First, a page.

|Publication number||US5234738 A|
|Application number||US 07/741,139|
|Publication date||Aug 10, 1993|
|Filing date||Aug 7, 1991|
|Priority date||Aug 7, 1991|
|Publication number||07741139, 741139, US 5234738 A, US 5234738A, US-A-5234738, US5234738 A, US5234738A|
|Inventors||Tom H. Wolf|
|Original Assignee||Carlisle Tire & Rubber Company|
|Export Citation||BiBTeX, EndNote, RefMan|
|Patent Citations (7), Referenced by (70), Classifications (18), Legal Events (10)|
|External Links: USPTO, USPTO Assignment, Espacenet|
The present invention relates to resilient, impact-absorbing tiles for recreational surfaces, such as playgrounds, and more particularly to an impact-absorbing tile configuration having substantially uniform shock attenuation characteristics over its entire surface area, as well as improved resistance to removal when adhered to a support surface.
In recent years there has been increasing concern with reducing injuries that occur when children fall from playground equipment and strike the underlying surface. Hard surfacing materials such as asphalt and concrete do not provide adequate injury protection from falls and are therefore generally unsuitable for use under and around playground equipment. Other surfacing materials commonly used around playground equipment are wood chips, bark chips and sand. These particulate materials require continuous maintenance and their cushioning potential depends upon the air trapped within and between the individual particles. Thus, as the materials decompose or become pulverized over a period of time, they tend to lose their cushioning effect. In the case of sand, moisture tends to increase the cohesiveness of the sand and therefore reduce its cushioning effect.
One proposed solution to the aforementioned problems is to construct a recreation surface using a plurality of tiles made of rubber crumbs bound together with a suitable binding material and molded into generally square tiles. U.S. Pat. Nos. 4,848,058 and 4,921,741 disclose such tiles and means for interlocking and fastening the tiles, respectively. An array of the bonded rubber crumb (BRC) tiles possesses desirable shock attenuation characteristics. The tiles disclosed in the aforementioned patents may have a solid parallelepiped structure, or they may have "dimples" in the bottom surface thereof or "cores" extending transversely through the body of the tile to enhance the shock attenuation characteristic of the tile. Tiles having these various configurations may present certain manufacturing difficulties.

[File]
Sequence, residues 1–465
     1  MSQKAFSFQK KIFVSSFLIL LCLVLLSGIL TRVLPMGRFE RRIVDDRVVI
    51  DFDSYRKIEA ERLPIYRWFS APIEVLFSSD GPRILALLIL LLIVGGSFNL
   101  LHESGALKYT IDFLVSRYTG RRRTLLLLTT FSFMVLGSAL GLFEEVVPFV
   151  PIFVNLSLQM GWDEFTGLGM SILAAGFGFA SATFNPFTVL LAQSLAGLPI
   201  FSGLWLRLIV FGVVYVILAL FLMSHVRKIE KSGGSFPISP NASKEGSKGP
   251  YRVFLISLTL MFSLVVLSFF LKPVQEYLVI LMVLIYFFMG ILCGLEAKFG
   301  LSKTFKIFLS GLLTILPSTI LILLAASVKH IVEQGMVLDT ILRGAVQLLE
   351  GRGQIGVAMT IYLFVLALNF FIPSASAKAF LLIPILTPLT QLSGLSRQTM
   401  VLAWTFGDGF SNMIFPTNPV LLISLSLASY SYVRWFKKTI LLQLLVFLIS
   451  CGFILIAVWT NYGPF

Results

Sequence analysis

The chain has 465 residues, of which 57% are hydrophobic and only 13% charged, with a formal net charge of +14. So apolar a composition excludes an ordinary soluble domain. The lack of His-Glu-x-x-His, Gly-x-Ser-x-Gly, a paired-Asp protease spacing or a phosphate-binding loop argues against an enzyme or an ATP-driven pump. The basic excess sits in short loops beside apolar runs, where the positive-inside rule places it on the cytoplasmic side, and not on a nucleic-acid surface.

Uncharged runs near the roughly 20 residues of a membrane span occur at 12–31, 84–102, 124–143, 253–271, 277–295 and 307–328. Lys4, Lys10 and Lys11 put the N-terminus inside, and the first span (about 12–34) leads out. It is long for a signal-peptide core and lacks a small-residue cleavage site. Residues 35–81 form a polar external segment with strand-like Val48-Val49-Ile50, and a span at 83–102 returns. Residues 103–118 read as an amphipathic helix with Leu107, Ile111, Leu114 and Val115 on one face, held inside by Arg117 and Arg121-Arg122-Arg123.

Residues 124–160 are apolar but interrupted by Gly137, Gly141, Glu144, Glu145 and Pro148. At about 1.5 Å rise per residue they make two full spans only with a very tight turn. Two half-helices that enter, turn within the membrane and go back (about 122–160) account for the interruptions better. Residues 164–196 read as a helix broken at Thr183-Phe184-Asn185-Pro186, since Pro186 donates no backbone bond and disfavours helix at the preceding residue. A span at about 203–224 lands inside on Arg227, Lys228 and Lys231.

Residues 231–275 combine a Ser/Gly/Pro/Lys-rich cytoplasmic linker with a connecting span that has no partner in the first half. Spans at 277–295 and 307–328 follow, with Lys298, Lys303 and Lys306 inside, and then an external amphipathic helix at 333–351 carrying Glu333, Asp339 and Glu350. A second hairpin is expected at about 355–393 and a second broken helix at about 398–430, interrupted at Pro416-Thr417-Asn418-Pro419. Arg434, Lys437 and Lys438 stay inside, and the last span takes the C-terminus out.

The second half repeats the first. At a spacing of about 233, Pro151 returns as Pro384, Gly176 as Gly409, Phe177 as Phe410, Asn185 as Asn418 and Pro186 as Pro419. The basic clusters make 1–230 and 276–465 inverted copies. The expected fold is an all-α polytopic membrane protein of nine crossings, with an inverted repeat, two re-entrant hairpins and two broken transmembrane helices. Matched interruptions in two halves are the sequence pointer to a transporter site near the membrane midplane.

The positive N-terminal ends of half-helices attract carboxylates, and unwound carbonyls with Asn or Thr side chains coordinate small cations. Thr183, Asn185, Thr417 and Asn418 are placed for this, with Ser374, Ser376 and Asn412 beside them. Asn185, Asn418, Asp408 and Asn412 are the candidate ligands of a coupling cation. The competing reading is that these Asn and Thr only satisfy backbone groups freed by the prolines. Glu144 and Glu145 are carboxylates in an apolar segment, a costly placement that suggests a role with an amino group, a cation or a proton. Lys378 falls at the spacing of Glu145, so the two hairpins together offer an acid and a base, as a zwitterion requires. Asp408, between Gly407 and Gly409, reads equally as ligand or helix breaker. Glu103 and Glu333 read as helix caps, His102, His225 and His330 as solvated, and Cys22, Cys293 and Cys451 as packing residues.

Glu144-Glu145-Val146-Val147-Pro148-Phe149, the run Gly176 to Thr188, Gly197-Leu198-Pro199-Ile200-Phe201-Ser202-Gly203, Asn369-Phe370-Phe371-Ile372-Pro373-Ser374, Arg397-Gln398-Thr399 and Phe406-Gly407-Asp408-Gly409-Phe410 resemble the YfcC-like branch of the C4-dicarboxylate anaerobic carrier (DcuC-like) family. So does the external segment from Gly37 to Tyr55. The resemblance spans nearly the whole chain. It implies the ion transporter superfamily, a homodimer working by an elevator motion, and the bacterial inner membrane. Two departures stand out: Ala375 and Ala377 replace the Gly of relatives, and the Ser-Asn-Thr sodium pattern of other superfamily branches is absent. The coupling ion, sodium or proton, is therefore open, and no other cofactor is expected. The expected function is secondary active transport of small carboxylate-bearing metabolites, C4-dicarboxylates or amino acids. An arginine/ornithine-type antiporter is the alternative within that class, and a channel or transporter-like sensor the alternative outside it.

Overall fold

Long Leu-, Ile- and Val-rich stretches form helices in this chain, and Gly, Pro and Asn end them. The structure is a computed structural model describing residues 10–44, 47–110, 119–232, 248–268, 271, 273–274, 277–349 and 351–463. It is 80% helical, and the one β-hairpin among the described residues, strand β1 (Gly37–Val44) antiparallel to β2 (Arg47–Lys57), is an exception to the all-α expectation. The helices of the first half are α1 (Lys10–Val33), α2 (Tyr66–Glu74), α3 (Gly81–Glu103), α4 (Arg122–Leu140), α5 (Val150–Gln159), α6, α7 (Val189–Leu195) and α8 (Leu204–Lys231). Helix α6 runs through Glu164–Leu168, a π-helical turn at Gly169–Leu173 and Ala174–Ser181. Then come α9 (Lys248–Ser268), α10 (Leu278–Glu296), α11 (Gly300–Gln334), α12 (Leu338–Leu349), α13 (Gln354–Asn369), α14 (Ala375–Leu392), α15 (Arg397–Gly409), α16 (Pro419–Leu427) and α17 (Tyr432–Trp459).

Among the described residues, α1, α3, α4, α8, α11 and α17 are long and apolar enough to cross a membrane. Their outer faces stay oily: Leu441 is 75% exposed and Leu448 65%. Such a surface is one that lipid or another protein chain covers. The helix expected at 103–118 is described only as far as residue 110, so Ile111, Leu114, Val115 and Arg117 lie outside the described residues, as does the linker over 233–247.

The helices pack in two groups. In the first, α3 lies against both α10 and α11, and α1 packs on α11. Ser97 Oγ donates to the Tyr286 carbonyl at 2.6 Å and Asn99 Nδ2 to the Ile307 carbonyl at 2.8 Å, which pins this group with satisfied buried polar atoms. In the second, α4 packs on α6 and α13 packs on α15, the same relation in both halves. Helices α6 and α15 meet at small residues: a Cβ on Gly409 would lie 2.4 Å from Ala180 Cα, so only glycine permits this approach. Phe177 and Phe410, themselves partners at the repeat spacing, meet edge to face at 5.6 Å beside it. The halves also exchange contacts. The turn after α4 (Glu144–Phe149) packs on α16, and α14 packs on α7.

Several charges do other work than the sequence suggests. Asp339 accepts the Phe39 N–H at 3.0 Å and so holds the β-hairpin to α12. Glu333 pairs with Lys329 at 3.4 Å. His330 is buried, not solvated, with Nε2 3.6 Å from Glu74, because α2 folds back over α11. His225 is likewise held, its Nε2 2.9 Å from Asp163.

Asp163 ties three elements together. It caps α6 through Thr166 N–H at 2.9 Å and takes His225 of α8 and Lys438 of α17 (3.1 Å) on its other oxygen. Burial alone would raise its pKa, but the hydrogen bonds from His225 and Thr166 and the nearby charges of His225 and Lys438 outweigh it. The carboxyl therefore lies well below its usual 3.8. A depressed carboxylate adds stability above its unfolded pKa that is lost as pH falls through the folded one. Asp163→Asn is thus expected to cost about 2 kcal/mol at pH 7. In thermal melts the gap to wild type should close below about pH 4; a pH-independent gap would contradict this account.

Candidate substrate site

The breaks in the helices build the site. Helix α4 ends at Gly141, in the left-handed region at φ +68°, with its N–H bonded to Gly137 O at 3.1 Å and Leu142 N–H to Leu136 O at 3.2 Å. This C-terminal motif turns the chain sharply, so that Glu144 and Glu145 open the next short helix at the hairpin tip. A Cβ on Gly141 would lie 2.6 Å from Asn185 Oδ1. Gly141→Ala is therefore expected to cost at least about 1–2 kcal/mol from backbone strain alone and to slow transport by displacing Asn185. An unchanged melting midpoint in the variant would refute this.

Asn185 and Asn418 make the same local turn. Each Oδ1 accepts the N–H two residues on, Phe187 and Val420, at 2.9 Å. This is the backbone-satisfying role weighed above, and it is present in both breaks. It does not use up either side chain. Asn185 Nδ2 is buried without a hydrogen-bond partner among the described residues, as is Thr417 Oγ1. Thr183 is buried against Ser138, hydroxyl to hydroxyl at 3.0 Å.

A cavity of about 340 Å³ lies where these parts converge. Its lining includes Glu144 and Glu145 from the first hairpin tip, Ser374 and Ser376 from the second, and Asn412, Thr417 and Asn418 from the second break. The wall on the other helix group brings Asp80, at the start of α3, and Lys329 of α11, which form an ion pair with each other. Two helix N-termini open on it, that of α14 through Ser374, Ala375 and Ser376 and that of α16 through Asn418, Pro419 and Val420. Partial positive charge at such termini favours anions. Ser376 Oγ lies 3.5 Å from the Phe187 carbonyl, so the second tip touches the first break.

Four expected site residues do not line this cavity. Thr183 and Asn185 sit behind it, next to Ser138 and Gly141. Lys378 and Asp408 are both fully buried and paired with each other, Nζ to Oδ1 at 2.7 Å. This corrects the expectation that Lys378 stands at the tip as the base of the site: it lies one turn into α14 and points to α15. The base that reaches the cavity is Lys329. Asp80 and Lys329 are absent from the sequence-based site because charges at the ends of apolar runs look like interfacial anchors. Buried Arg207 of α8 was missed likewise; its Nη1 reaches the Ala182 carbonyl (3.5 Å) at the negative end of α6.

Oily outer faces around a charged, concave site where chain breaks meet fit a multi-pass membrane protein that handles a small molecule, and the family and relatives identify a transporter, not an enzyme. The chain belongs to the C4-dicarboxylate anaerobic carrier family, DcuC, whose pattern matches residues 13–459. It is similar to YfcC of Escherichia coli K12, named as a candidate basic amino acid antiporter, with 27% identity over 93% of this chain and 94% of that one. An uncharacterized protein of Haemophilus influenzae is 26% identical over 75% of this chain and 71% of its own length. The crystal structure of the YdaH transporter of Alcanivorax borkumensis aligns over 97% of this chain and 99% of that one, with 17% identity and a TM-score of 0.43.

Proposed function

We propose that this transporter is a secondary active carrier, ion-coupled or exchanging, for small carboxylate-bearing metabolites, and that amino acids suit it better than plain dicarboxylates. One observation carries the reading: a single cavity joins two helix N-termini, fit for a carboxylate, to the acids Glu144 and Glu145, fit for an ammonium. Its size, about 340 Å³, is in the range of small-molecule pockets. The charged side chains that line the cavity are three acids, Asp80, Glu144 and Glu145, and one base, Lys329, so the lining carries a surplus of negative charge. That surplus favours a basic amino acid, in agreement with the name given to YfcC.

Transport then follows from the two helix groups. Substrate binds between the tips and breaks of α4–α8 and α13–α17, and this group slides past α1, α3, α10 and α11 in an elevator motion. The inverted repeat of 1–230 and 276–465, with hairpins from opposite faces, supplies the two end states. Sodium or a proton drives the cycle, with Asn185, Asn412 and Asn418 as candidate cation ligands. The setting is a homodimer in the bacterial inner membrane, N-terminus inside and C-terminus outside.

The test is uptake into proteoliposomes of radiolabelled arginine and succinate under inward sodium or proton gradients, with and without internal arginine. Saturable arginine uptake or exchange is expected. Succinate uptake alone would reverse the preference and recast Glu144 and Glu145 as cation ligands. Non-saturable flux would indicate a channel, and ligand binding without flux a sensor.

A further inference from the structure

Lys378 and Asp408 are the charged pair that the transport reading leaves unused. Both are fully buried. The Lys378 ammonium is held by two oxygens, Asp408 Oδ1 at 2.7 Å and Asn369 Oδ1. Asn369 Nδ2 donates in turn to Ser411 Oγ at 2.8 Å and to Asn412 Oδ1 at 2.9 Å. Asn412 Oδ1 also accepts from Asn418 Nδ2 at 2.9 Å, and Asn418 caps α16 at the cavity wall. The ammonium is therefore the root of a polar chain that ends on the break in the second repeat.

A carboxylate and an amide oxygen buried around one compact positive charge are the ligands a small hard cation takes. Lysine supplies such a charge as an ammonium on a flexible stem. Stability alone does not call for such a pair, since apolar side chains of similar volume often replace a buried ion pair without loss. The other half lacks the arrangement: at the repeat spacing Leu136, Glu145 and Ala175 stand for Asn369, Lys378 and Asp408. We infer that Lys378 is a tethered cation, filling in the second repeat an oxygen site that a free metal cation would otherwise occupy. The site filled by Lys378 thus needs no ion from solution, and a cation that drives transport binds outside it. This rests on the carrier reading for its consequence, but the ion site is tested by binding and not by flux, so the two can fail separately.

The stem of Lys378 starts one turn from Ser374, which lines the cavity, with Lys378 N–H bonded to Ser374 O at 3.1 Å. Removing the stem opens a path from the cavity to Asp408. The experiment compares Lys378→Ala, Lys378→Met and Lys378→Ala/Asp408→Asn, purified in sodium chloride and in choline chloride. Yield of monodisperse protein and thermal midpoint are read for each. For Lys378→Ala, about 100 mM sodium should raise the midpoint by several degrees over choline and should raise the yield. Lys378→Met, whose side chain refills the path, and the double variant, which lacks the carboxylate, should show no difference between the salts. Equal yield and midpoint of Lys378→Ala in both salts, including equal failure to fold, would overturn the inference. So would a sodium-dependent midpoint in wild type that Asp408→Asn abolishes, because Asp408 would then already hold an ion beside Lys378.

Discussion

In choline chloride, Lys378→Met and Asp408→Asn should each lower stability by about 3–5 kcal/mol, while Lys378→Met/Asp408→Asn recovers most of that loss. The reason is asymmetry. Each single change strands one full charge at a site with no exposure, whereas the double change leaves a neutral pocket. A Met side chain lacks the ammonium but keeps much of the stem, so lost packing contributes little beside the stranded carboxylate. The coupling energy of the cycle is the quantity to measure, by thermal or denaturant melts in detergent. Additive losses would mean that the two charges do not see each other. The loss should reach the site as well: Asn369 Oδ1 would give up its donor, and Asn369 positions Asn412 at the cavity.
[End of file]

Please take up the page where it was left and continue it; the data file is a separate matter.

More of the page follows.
One known BRC-type tile has an upper tile region of uniform thickness from which extend downwardly a plurality of legs of substantially square cross-section throughout their length. The tile, at its perimeter, has a plurality of perimeter legs which have a smaller cross-sectional area than the legs in the central region, with the exception of L-shaped perimeter legs located at the corners of the tile. Although these prior art BRC tiles provide significant improvements over other known prior art BRC tiles, their shock attenuation characteristics are not ideal, and their resistance to removal when adhered to an underlying support surface leaves room for improvement.
The present invention is directed to resilient bonded rubber crumb tiles which possess improved, substantially uniform shock absorbency or shock attenuation characteristics over the entire surface area of the tiles. Additionally, the tiles require a reduced amount of material thereby lowering the cost of production and subsequent shipping. Furthermore, due to the configuration of the tiles of the present invention, the tiles have improved resistance to removal when adhered to an underlying support surface.
In a preferred embodiment, the tiles of the present invention include an upper parallelepiped tile region having a lower surface which consists of a peripheral region and a central region. The peripheral region contains a plurality of peripheral ridges integral with and extending downwardly from the lower surface of the upper tile region. The central region contains a plurality of truncated conical legs integral with and extending downwardly from the lower surface of the upper tile region inboard of the peripheral ridges. Preferably, all of the conical legs and the peripheral ridges are of uniform height. Furthermore, the peripheral ridges are preferably spaced slightly inwardly from the periphery of the upper tile region so as to define an expansion lip which deforms during periods of expansion to prevent buckling of the entire recreation surface when a plurality of tiles are arranged in an array.